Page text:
FULTON, Mo. — Twenty years after it fell, the Berlin Wall has spread around the world, morphing en route from an instrument of oppression to a symbol of freedom.
The wall is found across the U.S. — in scores of major fragments and sections on display in at least 26 states, from a community college in Hawaii to a floating restaurant in Maine to a park near the World Trade Center.
Pieces of the wall are in seven presidential libraries, a Chicago elevated train station and the men's room of a Las Vegas casino. There's one in the Microsoft cafeteria in Redmond, Wash., another at Fort Knox, Ky. Parts of the wall are at CIA headquarters in Virginia and the Hard Rock Cafe in Orlando.
And the wall is here, 4,700 miles from the city it once divided, in the college town where, in 1946, Winston Churchill named the Iron Curtain.
Westminster College is one of the places where the Cold War began and one of the ones where it ended, the Fort Sumter and the Appomattox of the four-decade struggle between democratic capitalism and totalitarian communism.
Here, Churchill — just voted out of power as Britain's prime minister — warned that "From Stettin in the Baltic to Trieste in the Adriatic, an iron curtain has descended across the continent."
And here, on a visit in 1992, former Soviet premier Mikhail Gorbachev declared that the end of the Cold War was a "shattering of the vicious circle into which we had driven ourselves."
Gorbachev spoke in front of the longest (32 feet) continuous stretch of the original wall outside Germany. The side that faced West Berlin is covered with graffiti, including the word "unwhar" — untrue. The eastern side is as gray as a prison wall.
Churchill's granddaughter, sculptor Edwina Sandys, had the section brought here and cut out holes in the shapes of a man and a woman. She called it Breakthrough.
As they pass the sculpture on campus, people talk about what the wall means now and about whether, on the first major anniversary of the wall's fall since the Sept. 11, 2001, terror attacks, they're safer than 20 years ago.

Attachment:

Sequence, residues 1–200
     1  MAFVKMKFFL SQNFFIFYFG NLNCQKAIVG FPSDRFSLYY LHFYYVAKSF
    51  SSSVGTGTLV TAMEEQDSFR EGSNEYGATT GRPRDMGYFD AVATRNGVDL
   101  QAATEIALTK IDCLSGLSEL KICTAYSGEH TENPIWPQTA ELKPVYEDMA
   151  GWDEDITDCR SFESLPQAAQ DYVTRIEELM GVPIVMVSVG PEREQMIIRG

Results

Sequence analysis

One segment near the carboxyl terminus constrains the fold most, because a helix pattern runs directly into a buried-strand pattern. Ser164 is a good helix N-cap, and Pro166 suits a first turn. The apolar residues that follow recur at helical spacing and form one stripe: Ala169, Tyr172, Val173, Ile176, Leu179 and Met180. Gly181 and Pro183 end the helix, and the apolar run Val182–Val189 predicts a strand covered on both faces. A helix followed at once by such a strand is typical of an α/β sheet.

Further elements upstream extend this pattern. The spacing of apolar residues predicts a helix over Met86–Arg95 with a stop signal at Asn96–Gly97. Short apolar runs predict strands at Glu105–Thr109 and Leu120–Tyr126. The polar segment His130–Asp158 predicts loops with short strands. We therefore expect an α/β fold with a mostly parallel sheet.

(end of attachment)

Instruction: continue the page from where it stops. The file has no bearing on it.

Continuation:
To some, the wall's remains are relics of victory in America's longest conflict — a bracing contrast at a time when the nation is bogged down in one war and extricating itself from another.
Bob Hawkins, 87, was in the audience the day Churchill spoke here. He calls the wall "a symbol of the triumph of our system over communism. They couldn't match us. The erection of that wall was a confession of that."
But what's left of the wall transcends the Cold War.
Broken, graffitied, dispersed, it has reversed its meaning, especially for those not alive when it was erected in 1961 or torn down 28 years later. Jaclyn Muff, a junior from East Alton, Ill., was born five months before the wall came down.
"It separated Germany," she says, "but now it's everywhere," implicitly demanding freedom from walls — in our world, our communities, our personal lives.
On Monday, the 20th anniversary of the day East Berliners were told they could now visit the West and flocked to the wall, celebrations are planned around the world.
In Berlin, more than 1,000 8-foot-high foam domino tiles will be stacked along the wall's former route and toppled. In Los Angeles, panels from the original wall have been erected along Wilshire Boulevard.